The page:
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August 22, 1942

England is just about what I expected. I don't know how to describe it, but will just say it is a lovely country. The houses are mostly Old English type frame construction.

The other night a red headed Captain was assigned to keep the Generals coat hook clear until he came in. Every time he turned around there was another hat on the hook. He said "The next hat on that hook goes on the floor!" He turned his back and a minute later the General walked through hanging his hat on the hook. The Captain turned around and threw it on the floor.

August 30, 1942

"We get days off occasionally and work a seven day week. So far I have taken no time off but I plan to take some time off after a few days and visit London. I don't know what that will cost, most of the officers have gone, and the biggest amount spent was reported as 300 shillings and the smallest 40 shillings. Not knowing our way around makes it cost us more. Where there are amusements with cover charge they run around 80 shillings.

Now to tell you all that is possible about myself. Some of the boys write pages, and don't say a thing that is censorable, but I can't seem to manage to have a thing to say. We eat regularly, and fairly well, I have had annoying cold for about two months, but have not been marked quarters at any time for it. We have a comfortable place to live, very small to my first assignment at Fort Bragg.

England is veritable flower bed, everything is green and nice and pretty. There are not many females here, and most of the younger girls are gone somewhere. They have nothing to fix themselves up with, consequently they don't look pretty at all. Some of the girls who harvest the wheat look rather picturesque from a distance but few look like anything when you get close.

I dream of having a little place of our own, and a job that would let me be home every night. I almost wonder if it would not be best to resign after the war and look for a job that would let me do that. Anyhow we will solve that problem when the time comes, in the meantime your tough sweet-heart is building up to be a hard boiled officer and win this war. I sometimes think we will do it quickly, then again I think we won't. It all depends on how fast you all back in the states will work and build us thing to fight with, especially boats. We will all do our part over here, and most of us will die before we will be beaten. The British are a great people.

September 10, 1942

I have gotten two copies of the Colliers and missed two, but they may come later on. If they don't they probably are in Davey Jones Locker, however, reading material is scarce so would like some magazines.

I visited London last month and saw many things. St. Paul's Cathedral impressed me most, it was lovely. The vastness of the interior left me speechless. I went up into the whispering gallery, where a priest demonstrated by whispering that you could hear the slightest whisper for over three hundred feet.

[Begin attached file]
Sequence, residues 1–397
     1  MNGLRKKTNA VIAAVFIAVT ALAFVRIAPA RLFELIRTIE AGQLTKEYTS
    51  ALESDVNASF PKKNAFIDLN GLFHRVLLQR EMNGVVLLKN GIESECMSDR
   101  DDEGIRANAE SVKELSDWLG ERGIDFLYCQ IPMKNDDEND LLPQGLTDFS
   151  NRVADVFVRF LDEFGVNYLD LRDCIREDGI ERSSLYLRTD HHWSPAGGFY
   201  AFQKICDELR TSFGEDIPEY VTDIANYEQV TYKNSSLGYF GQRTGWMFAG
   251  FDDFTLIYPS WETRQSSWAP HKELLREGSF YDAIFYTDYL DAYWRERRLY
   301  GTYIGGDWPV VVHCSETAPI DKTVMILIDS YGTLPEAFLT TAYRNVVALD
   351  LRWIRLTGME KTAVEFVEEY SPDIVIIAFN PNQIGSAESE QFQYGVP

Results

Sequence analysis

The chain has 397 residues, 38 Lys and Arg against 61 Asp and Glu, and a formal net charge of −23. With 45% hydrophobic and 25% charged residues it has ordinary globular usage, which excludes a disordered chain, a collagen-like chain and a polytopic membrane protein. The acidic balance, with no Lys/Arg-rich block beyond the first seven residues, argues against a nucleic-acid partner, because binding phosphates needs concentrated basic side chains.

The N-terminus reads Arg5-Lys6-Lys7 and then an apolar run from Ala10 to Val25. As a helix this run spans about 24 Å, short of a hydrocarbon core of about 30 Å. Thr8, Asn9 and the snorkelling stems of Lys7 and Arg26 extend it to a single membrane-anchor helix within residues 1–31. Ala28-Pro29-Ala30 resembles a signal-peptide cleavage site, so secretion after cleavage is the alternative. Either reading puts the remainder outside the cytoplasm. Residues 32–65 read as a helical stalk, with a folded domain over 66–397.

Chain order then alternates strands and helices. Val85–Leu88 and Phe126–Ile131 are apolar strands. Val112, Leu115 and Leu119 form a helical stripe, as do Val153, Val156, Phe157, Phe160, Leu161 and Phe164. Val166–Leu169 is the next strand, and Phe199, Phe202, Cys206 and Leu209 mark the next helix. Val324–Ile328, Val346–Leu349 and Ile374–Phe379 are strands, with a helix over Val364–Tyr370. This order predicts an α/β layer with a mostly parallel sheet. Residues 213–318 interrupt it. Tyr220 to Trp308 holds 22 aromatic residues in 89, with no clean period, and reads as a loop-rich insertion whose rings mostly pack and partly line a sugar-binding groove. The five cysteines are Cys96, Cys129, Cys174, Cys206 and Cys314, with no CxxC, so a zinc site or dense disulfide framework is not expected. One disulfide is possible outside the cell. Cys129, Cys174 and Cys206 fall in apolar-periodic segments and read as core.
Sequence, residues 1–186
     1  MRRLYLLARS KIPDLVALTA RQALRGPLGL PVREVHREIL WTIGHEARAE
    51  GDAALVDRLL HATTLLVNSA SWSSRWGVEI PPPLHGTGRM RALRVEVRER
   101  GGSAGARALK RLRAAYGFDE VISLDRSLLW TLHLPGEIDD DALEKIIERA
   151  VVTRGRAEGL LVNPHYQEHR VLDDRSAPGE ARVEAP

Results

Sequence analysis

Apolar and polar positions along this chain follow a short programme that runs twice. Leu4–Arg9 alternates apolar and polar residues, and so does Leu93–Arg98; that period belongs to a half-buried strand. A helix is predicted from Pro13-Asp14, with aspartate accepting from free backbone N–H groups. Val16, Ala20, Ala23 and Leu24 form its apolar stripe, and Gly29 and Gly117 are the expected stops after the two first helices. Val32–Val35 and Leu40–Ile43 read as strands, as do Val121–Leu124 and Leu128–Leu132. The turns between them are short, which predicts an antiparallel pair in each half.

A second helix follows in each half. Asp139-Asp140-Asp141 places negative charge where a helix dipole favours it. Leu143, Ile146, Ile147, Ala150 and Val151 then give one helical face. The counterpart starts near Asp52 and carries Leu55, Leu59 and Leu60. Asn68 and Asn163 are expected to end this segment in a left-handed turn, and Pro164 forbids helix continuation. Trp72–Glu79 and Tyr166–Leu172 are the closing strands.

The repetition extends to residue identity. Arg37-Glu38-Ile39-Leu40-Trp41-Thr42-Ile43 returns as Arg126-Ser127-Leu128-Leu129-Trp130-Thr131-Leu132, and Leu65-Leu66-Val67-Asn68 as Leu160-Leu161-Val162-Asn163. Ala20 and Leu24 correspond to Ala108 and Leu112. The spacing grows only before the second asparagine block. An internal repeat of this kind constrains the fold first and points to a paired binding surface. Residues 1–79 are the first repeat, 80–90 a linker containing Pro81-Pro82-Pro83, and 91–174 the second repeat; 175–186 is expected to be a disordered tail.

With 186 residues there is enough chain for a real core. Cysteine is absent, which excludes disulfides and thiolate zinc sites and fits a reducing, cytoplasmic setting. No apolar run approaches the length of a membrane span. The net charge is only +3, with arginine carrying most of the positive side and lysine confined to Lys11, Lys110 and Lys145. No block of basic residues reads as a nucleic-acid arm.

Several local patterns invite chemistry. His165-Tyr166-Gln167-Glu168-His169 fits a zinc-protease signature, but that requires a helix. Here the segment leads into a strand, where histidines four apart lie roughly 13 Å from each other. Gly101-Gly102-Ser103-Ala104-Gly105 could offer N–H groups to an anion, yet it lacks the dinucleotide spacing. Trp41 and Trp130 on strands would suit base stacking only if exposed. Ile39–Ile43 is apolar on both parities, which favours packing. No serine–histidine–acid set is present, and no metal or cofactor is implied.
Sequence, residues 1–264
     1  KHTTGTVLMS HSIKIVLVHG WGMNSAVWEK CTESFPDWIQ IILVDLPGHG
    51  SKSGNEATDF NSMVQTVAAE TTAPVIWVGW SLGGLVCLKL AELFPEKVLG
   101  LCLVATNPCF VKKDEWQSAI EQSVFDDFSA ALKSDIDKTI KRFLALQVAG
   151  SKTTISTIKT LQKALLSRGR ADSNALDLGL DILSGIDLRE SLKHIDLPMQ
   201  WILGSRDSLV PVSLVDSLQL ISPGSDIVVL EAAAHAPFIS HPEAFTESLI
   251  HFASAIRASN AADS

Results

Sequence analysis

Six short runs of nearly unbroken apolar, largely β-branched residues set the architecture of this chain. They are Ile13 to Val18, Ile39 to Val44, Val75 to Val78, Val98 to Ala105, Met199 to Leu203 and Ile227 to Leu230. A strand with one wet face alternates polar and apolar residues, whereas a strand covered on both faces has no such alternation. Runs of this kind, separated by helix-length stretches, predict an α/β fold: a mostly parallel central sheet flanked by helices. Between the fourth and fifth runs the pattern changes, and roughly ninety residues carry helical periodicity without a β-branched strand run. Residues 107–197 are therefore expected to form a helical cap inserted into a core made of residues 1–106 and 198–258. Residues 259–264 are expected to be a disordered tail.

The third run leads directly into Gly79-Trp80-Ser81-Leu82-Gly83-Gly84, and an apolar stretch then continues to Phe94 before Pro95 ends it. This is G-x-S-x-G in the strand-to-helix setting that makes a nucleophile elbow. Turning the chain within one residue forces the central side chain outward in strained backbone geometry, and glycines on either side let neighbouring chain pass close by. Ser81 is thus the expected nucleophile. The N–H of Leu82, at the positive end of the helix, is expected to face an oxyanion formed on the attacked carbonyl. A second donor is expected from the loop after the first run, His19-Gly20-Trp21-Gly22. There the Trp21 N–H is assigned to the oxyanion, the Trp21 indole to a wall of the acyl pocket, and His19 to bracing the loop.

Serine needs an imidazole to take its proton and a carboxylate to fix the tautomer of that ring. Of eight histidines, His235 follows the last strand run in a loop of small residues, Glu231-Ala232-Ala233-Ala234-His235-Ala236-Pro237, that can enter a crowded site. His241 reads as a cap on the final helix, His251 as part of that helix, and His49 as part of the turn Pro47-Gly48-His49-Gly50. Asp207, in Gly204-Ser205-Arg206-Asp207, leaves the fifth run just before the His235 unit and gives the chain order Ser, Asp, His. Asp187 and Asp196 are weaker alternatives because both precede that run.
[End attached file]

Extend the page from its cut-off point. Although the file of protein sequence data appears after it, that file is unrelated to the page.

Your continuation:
I also went on top of the church for a view of surrounding country. The exact nature of what I saw should be censored so I'll merely say, it was the most stupendous sight I have ever seen.

September 15, 1942

I note the letter Patricia typed to me on top of your letter. Tell her I think it is just grand she is learning to write and I hope by the end of the year to have a note in her own handwriting.

I met a Canadian Officer who has a girl who looks a lot like Patricia. He has never seen her only by pictures and I feel sorry for him.

I certainly appreciate your lovely anniversary letter, more than any gift you could get. On that day I went to London, rode up on the train and it was labeled "Reserved for the female branch of the British Army".

September 24, 1942

Your letters seem to come in batches. As Lt. Bingham says, "I'll take the letter and be damn glad to get it even if it comes by Pony Express." He has not heard from his girl friend yet.

We have about a dozen or more outlandish pictures hanging in the Officers Club. We had a visiting Officer in to give us a lecture, and the lecture was in the club room. He stuttered and stammered a few minutes then said, "I will have to read this lecture, those pictures keep taking my mind off my work."

September 27, 1942

I spent my last day off in Salisbury. It is a nice town but not so interesting as London. I may go there again soon, I want to see more of the place.

Two of the Officers started a little feud - one said too many patients were being sent to him, the other said too many things were all wrong at the camp. One day the Dr. turned in a long detailed report on the inspection of quarters. It was seen and rumored back to the battery so we worked our ears off for nearly three hours fixing everything that we could think of that could be wrong. Actually there was nothing wrong. The report said, "cigarettes in the ash trays, trash in the trash cans, grease in the grease pits, salvage on the salvage piles, supplies in the supply room, hair on the floor in the barber shop". That burned us up so the next morning we sent the whole battery up to the sick call. Each one had a different complaint, one love sick, home sick, out of sorts, and the Dr., gathered all them up and gave each one a dose of salts.